Erasmus Life

A bit of therapeutic writing here, my original contribution to Middle East Technical University's magazine for International Students. Thanks to having completely avoided the subject of how drab and miserable a place to live Ankara really is, it has since been translated into Turkish on METU university's website.


Liam Murray

At Kocatepe mosque, arabesque meets classical Turkish design – the great domes and minaret visible for miles around. Inside, the eye is immediately drawn to the great chandelier, a sphere of glass shimmering like a thousand stars. The hall faces south, so at midday prayers the light filters through the stained glass illuminating the congregation.

This is the Turkey of European fantasy. For one step outside and I have to remind myself where I am. For a second, I could be any European city. The buildings, the traffic and the pace of life here reminds me of home somewhat. But you only need scratch the surface to find that Turkey is something quite apart.

At this point I could list the novelties of Turkey – such as the fine cuisine, arts and music, describe the beauty of the country itself and probably dedicate a short treatise to the joys of
nargile smoking!

However all this would be in vain, as nothing really demonstrates the nature of Turkey better than the Turks themselves. Last week Monika extolled the famous Turkish hospitality and good nature, and for fear of this going to our host students’ heads I do not wish to repeat her. But I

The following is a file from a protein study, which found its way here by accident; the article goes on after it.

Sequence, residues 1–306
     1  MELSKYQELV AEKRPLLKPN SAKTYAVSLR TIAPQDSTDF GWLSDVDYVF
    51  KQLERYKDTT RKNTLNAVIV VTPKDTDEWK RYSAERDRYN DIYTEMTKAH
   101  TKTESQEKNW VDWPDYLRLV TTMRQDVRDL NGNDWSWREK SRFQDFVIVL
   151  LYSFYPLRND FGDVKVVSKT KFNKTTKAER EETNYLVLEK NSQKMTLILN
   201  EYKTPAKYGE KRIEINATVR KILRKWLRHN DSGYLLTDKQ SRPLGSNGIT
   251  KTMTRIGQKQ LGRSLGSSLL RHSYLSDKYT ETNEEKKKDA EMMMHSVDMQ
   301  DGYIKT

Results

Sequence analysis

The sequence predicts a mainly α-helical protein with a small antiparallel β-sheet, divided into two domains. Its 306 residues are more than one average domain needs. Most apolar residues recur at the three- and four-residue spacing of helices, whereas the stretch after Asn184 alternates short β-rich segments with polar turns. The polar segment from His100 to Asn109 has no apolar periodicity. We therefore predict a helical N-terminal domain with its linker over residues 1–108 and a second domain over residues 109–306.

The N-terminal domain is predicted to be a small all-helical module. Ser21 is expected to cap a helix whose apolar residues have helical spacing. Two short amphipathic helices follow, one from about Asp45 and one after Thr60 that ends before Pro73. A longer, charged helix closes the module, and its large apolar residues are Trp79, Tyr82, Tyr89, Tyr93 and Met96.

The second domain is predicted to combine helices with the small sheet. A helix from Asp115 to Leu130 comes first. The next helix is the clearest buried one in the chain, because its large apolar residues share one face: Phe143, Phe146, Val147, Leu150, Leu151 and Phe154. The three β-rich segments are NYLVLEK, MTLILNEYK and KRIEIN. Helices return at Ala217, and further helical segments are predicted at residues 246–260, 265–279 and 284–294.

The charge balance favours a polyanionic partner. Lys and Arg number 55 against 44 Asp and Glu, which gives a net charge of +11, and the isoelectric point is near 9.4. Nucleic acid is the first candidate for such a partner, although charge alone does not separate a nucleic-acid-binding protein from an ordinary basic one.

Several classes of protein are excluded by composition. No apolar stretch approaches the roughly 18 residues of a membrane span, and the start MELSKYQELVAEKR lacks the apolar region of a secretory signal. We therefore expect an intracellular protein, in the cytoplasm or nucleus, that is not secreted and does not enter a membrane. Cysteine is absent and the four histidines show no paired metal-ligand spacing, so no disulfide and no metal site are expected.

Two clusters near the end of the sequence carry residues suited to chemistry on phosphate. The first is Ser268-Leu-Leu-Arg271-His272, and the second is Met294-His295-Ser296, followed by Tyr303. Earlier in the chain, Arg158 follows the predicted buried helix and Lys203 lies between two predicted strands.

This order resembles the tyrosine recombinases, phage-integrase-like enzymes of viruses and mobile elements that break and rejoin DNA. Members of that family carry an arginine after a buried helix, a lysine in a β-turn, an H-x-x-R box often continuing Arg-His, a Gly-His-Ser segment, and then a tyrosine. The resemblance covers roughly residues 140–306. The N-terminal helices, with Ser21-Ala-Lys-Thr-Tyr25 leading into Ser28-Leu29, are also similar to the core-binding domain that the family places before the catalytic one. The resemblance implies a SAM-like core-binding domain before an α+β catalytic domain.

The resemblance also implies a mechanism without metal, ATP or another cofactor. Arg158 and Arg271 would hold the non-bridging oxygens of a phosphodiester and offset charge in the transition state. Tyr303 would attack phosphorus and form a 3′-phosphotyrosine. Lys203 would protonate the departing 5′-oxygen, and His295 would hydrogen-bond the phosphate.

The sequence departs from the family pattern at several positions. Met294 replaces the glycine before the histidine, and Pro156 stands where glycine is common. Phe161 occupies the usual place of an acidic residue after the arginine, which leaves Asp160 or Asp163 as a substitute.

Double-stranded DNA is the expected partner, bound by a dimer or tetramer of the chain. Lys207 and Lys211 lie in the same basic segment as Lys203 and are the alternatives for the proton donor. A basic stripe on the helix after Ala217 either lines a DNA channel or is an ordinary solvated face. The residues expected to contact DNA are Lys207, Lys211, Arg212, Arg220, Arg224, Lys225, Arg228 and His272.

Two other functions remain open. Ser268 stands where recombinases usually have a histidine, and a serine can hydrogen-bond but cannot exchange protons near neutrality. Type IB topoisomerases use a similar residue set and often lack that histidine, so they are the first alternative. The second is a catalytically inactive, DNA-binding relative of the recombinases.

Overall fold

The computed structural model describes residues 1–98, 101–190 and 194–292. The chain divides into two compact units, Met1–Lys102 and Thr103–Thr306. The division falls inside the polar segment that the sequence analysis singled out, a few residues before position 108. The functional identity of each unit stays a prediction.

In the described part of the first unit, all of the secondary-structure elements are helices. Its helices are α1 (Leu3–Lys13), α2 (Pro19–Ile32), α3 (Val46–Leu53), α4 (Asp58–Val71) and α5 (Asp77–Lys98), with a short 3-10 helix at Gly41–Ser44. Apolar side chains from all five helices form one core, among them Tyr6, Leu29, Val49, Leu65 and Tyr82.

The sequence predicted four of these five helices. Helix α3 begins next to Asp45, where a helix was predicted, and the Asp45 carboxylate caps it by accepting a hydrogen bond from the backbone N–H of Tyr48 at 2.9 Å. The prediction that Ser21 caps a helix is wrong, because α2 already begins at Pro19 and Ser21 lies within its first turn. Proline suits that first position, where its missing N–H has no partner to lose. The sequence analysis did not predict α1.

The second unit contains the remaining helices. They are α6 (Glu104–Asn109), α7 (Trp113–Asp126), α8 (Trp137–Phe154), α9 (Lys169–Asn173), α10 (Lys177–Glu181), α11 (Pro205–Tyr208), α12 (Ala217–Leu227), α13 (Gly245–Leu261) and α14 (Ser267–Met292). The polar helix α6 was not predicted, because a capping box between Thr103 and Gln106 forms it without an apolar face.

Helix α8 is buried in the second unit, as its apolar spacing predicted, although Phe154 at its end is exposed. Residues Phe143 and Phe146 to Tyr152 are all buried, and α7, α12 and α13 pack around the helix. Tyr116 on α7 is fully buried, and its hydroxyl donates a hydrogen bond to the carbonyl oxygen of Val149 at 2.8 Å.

think I can speak for everyone when I say that these are qualities that have really made the difference during some of the most daunting and hectic moments of the first two weeks here.

There is something about the Turkish way of life which completes its culture. For instance, what is the good in having a rich cuisine if you can’t enjoy it with friends? What is the good in having music if you can’t dance? It is this instant informality and intimacy which has really helped me settle in since I arrived here, and I look forward to what the next six months have to bring!

1 comment:

  1. Your writing style is unique!! I really love the last paragraph which effectively summarises the hospitable and collectivist nature of Turkish culture.